1982 The Third International Sun-Earth Explorer (ISEE-3) completes its mission. Adequate onboard fuel allows a new extended mission: the satellite is renamed as the International Cometary Explorer (ICE) and begins a series of gravitational maneuvers with the Earth and Moon to boost it into an orbit to encounter P/Giacobini-Zinner and P/Halley.
Nov 12, 1981 The second space shuttle launch, STS-2: this second flight of Columbia was truncated (only 2 days in duration) due to the failure of a fuel cell. It carried a payload, OSTA-1 (Office of Space and Terrestrial Applications-1), which conducted earth observation experiments.
Apr - Nov 1981 Publication of 3 landmark papers which use data obtained by the Einstein Observatory (HEAO 2) to show that X-ray emission is a common property of most types of `normal' stars, with only a few exceptions such as red giants, and discuss which stellar properties are correlated with this X-ray emission: see Vaiana et al. (1981, ApJ, 245, 163), Pallavicini et al. (1981, ApJ, 248, 279) and Ayres et al. (1981, ApJ, 250, 293) for more details.
Nov 4, 1981 Launch of Venera 14. Both Venera 13 and 14 carry gamma-ray burst detectors and can triangulate source positions through interferometry with the Helios 2, ISEE-3, and Pioneer Venus Orbiter spacecraft.
Oct 30, 1981 Launch of the Soviet Venera 13 spacecraft.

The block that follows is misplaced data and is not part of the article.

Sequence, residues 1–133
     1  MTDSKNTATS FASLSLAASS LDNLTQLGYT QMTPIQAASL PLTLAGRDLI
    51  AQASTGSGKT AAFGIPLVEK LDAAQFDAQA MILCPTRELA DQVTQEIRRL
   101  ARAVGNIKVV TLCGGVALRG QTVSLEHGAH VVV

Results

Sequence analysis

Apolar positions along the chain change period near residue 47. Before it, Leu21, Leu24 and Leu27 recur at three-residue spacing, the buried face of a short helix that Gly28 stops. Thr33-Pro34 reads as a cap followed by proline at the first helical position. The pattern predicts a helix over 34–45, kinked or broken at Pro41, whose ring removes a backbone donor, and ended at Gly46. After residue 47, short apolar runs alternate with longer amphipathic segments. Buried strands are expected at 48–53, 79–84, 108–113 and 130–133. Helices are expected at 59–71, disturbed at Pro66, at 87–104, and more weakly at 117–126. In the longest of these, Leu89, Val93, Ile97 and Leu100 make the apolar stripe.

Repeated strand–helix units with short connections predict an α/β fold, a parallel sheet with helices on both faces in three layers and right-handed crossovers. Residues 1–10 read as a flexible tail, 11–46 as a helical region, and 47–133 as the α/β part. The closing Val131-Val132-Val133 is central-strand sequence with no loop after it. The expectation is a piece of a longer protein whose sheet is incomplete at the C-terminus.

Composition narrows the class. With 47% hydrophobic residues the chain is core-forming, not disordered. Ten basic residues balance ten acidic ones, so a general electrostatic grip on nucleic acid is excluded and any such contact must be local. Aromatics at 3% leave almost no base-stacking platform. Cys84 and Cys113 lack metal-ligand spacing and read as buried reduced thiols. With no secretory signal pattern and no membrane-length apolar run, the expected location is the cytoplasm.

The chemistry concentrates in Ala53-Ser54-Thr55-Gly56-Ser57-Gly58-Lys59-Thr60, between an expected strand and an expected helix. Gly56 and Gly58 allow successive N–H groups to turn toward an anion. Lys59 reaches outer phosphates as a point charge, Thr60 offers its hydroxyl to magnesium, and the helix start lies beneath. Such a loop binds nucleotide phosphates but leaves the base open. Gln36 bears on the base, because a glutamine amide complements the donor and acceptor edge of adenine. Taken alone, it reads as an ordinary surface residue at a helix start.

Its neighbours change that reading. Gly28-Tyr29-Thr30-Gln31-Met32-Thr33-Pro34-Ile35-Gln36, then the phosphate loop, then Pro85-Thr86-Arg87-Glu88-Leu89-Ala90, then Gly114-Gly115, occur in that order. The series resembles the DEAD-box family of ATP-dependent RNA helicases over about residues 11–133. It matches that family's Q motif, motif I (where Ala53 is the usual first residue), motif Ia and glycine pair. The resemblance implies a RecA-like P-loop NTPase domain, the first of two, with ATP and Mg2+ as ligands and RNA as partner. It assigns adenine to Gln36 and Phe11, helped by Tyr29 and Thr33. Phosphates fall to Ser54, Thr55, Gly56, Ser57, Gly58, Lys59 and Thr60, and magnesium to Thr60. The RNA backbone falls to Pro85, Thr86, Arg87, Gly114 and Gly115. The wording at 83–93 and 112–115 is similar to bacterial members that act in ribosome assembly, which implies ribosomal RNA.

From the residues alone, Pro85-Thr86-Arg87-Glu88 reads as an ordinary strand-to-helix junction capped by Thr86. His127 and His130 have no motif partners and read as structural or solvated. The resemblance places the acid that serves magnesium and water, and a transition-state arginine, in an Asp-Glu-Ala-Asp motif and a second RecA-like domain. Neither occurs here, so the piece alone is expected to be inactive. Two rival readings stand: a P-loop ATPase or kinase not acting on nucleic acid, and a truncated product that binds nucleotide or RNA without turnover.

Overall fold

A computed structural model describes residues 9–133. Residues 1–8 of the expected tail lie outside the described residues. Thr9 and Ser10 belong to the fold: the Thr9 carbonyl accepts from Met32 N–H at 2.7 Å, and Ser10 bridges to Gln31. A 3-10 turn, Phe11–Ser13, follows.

Aug 26, 1981 Voyager 2 makes its closest approach (101,000 km) to Saturn before continuing on its `Grand Tour' to Uranus and Neptune.
May 29, 1981 NASA's Third High Energy Astrophysics Observatory (HEAO-3) ceases operation. HEAO-3 carried three high-energy-astrophysics instruments, one instrument surveying the sky in hard X-rays and gamma rays, and two measuring the composition of cosmic rays.
Apr 25, 1981 The Einstein Observatory (HEAO-2) ceases operation.
Apr 12, 1981 The first space shuttle launch, STS-1: Columbia performed a two day test mission before returning to land at Edwards Air Force Base in California.
Feb 15, 1981 Copernicus (the Third Orbiting Astronomical Observatory, OAO-3) ceases operation. Copernicus was primarily an ultraviolet spectroscopy mission but it also carried 4 co-aligned X-ray detectors.
Nov 1980 The Solar Maximum Mission suffers an onboard failure of its attitude control system, bringing science projects involving the pointed instruments to a halt.
Nov 12, 1980 Voyager 1 makes its closest approach (124,000 km) to Saturn.
Mar 14, 1980 THe British-US Ariel-V spacecraft re-enters the Earth's atmosphere. Ariel-V carried several instruments which monitored the X-ray sky for more than 5 years and catalogued 250 X-ray sources. It detected and studied the bright "X-ray nova" A0620-00 and established that Seyfert 1 galaxies are a class of bright X-ray emitters.
Feb 14, 1980 Launch of the Solar Maximum Mission (SMM). Although primarily a solar mission, SMM's suite of scientific instruments included a Hard X-Ray Burst Spectrometer (HXRBS) and a Gamma-Ray Spectrometer (GRS), both of which could and did observe cosmic high-energy sources.


We would like to thank the following individuals for their contributions to this page: Jesse S. Allen, and Ian M. George along with JPL's Space Calendar and the Working Group for the History of Astronomy's Astronomiae Historia (History of Astronomy) information pages.

Web page author: Stephen A. Drake (based on an original by Jesse S. Allen)

Web page maintainer: Stephen A. Drake